How did the one-millionth Chevrolet Corvette get to be No. 1,000,000? No, not just by coming after No. 999,999, smart-aleck. Go sit in the corner.

Months of planning went into figuring out which Corvette would make history, and exactly when it would be built, former Corvette model-year manager Jeff Yachnin told me last week. Yachnin spent 17 years on the Corvette team.

We were talking because I got a look at the historic car undergoing restoration at GM Design headquarters in Warren, just outside Detroit. The car was damaged — virtually totaled, to the untrained eye — when a 30-foot sinkhole swallowed it and seven other cars at the National Corvette Museum in Bowling Green, Ky., on Feb. 12, 2014.

Chevrolet saw the millionth ‘Vette coming and preparations began years in advance.

Mark Phelan: Restoring historic Corvette 1

The first step was figuring out many Corvettes had already been built, Yachnin said. That’s harder than you might think. The ‘Vette is one of the few GM models on which prototypes — early cars built while developing the new model — were built on the regular assembly line.

In addition, the plant in Bowling Green builds preproduction cars — more refined than prototypes, but still not cars that can be sold to customers. On the other hand, some preproduction cars were sellable. They needed to be part of the count to one million. The ‘Vette team had to figure out exactly how many of all those vehicles had been built since ‘Vette No. 1 in 1953.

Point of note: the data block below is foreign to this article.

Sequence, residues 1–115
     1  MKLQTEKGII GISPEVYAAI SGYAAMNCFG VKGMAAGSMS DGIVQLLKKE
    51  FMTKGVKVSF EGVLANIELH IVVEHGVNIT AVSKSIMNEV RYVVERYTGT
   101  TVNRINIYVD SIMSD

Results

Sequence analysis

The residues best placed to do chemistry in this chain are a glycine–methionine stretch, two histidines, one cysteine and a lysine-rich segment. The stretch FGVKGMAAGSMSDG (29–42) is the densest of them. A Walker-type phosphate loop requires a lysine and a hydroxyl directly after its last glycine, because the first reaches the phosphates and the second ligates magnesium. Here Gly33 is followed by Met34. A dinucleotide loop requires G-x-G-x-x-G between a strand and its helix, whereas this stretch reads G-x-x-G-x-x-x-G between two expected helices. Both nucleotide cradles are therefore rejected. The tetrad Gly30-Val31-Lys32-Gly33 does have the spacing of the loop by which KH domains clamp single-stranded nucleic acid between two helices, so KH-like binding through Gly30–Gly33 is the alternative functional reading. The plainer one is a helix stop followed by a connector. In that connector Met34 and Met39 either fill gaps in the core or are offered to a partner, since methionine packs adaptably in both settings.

When they knew how many Corvettes had already been built, the team could see the millionth would come up around the end of the 1992 model year, or early in ’93, Yachnin said. Chevy’s marketing and public relations teams rebelled.

The 1993 model would be the Corvette’s 40th anniversary, a number that could be used to generate publicity and marketing buzz.

“They never want to use two ideas in a single model year,” Yachnin told me. “We had to make sure it was a ’92, not a ’93.”

So the juggling began. The assembly plant, workers and suppliers all teamed up to make sure the millionth ‘Vette would be a ’92. Production schedules were set and parts were ordered months in advance.

Then reality intruded. Corvette sales slowed unexpectedly in spring 1992. It looked like the magic number would come up after the summer shutdown and roll out of the factory on a 1993.

The team watched the numbers daily and threw in a few extra cars to make sure No. 1,000,000 left the factory July 2, 1992, at the last moment before the plant shut down to change over to ’93 models.

The plant also built two stunt doubles of No. 1,000,000, Yachnin said. They were identical in every way except for their vehicle identification numbers. They were used for photos and video.

Those cars were sold, undoubtedly at a premium since they’re dead ringers for the millionth ‘Vette. Given the care Corvette owners lavish on their cars, they’re probably still in circulation, while No. 1,000,000 is undergoing a thorough restoration to have it back on display in time for the museum’s 30th anniversary this Labor Day.

Contact Mark Phelan: mmphelan@freepress.com or 313-222-6731. Follow him on Twitter @mark_phelan.